And, as economist Bruce Yandle explains, strong property rights help make the link from economic growth to improved environmental quality.51 Strong property rights both increase income and provide ways for those affected by pollution to sue polluters for the damages caused. Yandle cites research showing that economic growth turns more quickly into improved environmental outcomes in countries with strong property rights. Would you rather be downstream from a factory making a mess of the river in New Zealand, or from a state-owned enterprise in China doing the same?
The link between economic growth and environmental quality depends on strong property rights and a political system that lets individuals ‘buy’ better environmental quality as they get richer and can afford it. It is entirely right to worry about the effects of environmental regulation on economic growth, as it is possible to spend too much on anything – and doubly so when the government is doing the buying on our behalf. But the right amount of environmental quality does go up as people get richer and can afford it, both in their private decisions and policy preferences.
The ongoing risk is in striking the right balance. Consider climate change and economic growth. While richer countries get a lot more economic output for every tonne of carbon dioxide released into the atmosphere, greenhouse gas emissions in total show little sign of reducing with economic growth. Or, at least, the world has not yet seen income levels at which the curve bends downward. Reducing greenhouse gas emissions may pass cost-benefit analyses, especially where it is viewed as buying insurance against the kinds of outcomes that, while unlikely, would be very harmful.52 Such reductions will come at a cost for economic growth.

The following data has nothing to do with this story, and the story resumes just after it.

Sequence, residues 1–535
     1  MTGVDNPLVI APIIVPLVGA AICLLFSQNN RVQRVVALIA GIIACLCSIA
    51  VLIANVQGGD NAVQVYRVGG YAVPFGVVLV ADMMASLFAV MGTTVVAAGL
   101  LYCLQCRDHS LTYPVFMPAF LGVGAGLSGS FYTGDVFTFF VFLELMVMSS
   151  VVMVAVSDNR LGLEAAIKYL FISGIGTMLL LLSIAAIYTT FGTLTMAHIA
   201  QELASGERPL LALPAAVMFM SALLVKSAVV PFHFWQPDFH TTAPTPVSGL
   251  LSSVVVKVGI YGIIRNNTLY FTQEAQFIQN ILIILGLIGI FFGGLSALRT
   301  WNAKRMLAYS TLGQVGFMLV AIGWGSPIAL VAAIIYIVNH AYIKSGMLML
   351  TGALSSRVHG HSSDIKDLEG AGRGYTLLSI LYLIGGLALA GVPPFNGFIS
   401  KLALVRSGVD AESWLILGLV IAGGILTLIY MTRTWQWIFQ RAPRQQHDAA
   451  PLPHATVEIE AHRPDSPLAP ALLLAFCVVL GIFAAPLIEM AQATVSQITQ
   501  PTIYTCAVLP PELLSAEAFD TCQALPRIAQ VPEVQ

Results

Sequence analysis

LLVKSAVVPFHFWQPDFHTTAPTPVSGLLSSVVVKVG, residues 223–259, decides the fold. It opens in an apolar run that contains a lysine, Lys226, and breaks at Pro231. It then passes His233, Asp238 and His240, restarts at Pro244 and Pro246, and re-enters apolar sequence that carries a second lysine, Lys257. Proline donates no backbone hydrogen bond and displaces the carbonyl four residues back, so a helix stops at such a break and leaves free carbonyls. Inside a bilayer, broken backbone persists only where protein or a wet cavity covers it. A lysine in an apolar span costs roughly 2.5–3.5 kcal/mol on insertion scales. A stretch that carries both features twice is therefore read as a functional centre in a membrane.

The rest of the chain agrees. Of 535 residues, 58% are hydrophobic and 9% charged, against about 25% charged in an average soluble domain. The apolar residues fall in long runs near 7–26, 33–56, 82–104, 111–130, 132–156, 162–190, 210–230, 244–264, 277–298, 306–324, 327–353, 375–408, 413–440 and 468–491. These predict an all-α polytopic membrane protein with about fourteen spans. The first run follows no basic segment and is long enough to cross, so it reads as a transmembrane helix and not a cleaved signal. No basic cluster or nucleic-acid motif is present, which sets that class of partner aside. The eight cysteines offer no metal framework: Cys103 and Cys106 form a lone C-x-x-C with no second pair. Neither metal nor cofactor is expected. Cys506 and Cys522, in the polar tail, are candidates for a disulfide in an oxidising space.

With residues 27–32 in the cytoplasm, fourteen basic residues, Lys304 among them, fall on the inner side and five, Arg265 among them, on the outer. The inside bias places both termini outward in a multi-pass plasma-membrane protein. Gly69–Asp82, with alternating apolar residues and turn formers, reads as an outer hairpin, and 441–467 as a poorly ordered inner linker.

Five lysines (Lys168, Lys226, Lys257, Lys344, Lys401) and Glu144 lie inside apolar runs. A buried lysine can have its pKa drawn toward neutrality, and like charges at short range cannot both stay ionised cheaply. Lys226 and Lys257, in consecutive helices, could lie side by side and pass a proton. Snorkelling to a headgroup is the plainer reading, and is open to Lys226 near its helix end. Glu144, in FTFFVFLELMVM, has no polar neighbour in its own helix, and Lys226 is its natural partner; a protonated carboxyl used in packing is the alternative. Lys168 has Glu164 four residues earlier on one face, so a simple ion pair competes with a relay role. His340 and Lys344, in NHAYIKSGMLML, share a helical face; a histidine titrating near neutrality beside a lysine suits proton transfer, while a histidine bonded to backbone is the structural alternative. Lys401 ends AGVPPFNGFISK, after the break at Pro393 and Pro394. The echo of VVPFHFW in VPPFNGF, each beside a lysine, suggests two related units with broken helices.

Substantial greenhouse gas abatement may be worth that cost, but it is critically important that we weigh the case fully. Wealth provides us a general purpose ability to deal with harmful outcomes. Curbing economic growth to reduce global warming necessarily leaves the world more vulnerable to other risks not associated with greenhouse gas emissions.
We can think about it this way. Imagine you could either buy a house insurance policy that gives less-than-full protection against a range of threats such as fire, earthquake, typhoon, tornado, flood or landslide, or you could buy an insurance policy that makes sure you never suffer any damage from flooding but does not help you in case of anything else. Do you feel lucky?
I hope you enjoy it.